A Good place to Hide: How One French Community Saved Thousands of Lives During World War II by Peter Grose is quite an interesting account. This French Community, mainly of Le Chambon but also other communities around the same area, was made up of various unique people, many (perhaps most) of whom helped saved Jews in one way or another. One of the most intriguing things about this rescue operation is that it was apparently not organized into one big operation, and no one was ultimately in charge.
Generally, I have focused on reading biographies, and have found that focusing on the life of one person was more interesting to me than general history. But more recently I have become very intrigued with histories that deal with historical events from the perspective of many of the people who experienced and participated in those events. Take a group of people and stick them in a particular tragic event or perilous time and what do they do? How do they act? Will they be brave or cowardly? Will they be selfish or selfless?
This book focuses on people living ,working in or through "the upper reaches of the Loire Valley", a plateau in France. The time period is that of world war ii, with Nazi Germany ultimately taking over France, at first, only ruling half of France (though in reality they ruled the other half by means of the French Vichy government which gave into Nazi ideals) and eventually ruling the whole. The people on the Plateau end up being known as those who would take in Jews and other people fleeing the ramifications of Nazi rule. Many of these people were not natives of that part of France (and some were not Frenchmen at all), but they all end up in that particular spot.
There are multiple characters in this history: Andre Trocme is a protestant pastor and ardent pacifist who ends up very involved in the saving of Jewish refugees, all while trying to keep the community from using violent means to attack the enemy. Simone Mairesse loses her husband in the war, and instead of giving in to grief and despair desires to be active in opposing the enemy. Andre Trocme and his wife provide her with an occupation (non-violent by the way): helping to save (particularly Jewish) refugees, which she agrees to do and becomes a key source in finding safe houses that would take in Jews. Oscar Rosowsky, a young Jewish man who wants to be a doctor but who is denied that occupation because of his Jewishness, and ends up becoming a document forger instead (doing his work while also having a false identity himself of course). These are just a few of the individuals who make up a part of this history.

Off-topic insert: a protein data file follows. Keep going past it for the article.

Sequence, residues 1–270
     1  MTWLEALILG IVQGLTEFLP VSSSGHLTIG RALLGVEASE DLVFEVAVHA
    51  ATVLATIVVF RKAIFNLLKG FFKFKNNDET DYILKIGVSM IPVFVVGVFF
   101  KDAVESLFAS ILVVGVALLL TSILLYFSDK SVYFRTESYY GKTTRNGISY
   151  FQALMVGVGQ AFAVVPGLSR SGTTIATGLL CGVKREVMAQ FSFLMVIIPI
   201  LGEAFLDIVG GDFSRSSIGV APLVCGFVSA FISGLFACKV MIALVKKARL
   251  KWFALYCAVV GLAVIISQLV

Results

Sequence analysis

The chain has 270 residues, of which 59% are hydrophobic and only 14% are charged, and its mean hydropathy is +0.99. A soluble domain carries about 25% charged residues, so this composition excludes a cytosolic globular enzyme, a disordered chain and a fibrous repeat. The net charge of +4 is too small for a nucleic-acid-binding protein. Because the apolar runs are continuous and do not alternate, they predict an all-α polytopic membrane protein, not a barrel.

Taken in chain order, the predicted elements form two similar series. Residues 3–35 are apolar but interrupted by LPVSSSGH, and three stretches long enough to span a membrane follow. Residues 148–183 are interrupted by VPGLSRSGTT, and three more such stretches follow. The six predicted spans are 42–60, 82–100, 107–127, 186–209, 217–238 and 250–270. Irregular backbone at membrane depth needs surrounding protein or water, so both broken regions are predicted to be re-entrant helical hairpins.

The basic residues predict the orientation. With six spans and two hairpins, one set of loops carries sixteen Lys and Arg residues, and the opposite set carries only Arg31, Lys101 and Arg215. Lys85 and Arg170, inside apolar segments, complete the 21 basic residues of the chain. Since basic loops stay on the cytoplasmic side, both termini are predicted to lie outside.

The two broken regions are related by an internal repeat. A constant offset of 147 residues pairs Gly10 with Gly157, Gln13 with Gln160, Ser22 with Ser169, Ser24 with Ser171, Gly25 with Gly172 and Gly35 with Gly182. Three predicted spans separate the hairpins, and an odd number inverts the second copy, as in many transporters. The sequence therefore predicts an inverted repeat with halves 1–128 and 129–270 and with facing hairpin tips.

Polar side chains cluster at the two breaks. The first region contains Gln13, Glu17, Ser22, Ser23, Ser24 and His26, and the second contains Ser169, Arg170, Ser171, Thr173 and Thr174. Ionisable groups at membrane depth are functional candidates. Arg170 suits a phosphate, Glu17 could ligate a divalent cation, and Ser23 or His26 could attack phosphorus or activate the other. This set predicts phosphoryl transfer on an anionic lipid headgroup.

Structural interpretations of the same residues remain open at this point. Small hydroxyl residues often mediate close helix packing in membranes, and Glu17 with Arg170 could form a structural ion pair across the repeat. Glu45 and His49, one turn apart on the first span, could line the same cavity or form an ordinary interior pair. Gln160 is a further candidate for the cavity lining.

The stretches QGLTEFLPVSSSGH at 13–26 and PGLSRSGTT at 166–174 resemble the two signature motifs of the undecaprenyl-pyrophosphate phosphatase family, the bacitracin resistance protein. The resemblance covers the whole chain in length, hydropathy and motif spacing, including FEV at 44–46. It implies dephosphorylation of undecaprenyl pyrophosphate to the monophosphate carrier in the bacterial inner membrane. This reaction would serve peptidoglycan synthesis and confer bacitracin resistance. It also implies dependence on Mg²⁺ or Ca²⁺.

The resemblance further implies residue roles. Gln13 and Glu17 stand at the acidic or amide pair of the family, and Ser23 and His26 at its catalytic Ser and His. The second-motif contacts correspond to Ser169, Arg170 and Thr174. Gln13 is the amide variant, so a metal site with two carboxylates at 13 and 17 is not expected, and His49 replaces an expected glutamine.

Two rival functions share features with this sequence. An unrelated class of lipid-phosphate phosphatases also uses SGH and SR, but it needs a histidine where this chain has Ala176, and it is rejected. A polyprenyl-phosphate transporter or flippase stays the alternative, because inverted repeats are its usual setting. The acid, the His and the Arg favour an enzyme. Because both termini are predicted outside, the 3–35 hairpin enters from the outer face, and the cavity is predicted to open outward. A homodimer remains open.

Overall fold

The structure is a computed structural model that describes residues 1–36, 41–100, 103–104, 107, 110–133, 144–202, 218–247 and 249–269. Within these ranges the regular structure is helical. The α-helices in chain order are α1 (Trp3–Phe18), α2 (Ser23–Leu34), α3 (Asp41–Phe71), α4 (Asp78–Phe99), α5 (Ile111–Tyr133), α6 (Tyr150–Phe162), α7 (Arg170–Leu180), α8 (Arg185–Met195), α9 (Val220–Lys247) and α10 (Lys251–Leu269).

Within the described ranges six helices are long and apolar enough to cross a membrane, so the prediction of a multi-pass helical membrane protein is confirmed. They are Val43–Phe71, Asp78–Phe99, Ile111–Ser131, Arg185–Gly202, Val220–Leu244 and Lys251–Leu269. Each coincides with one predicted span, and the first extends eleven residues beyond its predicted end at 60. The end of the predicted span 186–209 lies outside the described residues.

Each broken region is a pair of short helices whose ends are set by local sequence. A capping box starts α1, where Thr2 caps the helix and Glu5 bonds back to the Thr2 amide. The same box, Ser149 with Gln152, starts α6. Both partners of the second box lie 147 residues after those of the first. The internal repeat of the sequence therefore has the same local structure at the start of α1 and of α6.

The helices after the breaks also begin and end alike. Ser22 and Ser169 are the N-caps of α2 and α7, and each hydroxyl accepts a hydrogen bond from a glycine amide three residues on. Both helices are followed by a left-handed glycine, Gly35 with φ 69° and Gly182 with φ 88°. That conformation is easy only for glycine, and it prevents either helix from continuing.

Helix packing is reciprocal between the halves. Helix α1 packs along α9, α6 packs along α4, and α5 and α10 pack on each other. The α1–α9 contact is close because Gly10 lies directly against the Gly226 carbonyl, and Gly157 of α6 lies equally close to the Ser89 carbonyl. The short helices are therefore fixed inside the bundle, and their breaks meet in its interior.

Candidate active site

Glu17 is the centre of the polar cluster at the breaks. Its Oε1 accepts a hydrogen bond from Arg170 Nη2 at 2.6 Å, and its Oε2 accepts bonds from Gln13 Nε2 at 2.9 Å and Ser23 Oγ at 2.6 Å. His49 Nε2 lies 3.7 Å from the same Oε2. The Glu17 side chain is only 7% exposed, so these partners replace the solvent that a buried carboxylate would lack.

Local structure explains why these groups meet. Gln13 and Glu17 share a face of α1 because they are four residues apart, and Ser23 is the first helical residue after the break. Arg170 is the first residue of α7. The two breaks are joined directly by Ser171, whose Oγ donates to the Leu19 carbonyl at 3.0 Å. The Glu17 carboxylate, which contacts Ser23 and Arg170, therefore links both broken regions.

There are joyful moments, such as when raids on houses are foiled in their attempts to round up Jews. There are funny moments, such as when a lady who is about to be arrested pretends to be insane, or when you find out that one of the methods used to disguise Jews and get them to safety was to dress them up as boy scouts…even older men! And there are also sad moments, and ironic moments, one of those being when you learn that a Jewish mother and her son are hidden separately in the same village without those who are hiding them knowing that they are related to each other. The neat thing about all of this is that this is that all of these things really happened, these were real people, not actors, these were truly scary times dealt with in real time, in real situations.
Reading history as a Christian makes it even more intriguing for me, especially as I am a premillennialist (believe that the Bible teaches that there is a future mass salvation of Jews and that all of those Jews will end up back in the promised land), and so I think that it is exciting to see how God sovereignty used various people, places and events to thwart Hitler's plan to exterminate all Jews. The people working on and through this French Plateau were some of those means, and their 'story' is quite enthralling.
Many Thanks to the folks at Pegasus Books for sending me a free review copy of this book! - My review did not have to be positive, I truly did like this book.
My Rating: 5 out of 5 stars
Just a quick note: Being a book of history, there is a little bit of foul language (as of course, people swore and blasphemed back then too). But it is easily scribbled out and/or passed over while reading out loud (as I did when I read it with my younger sister).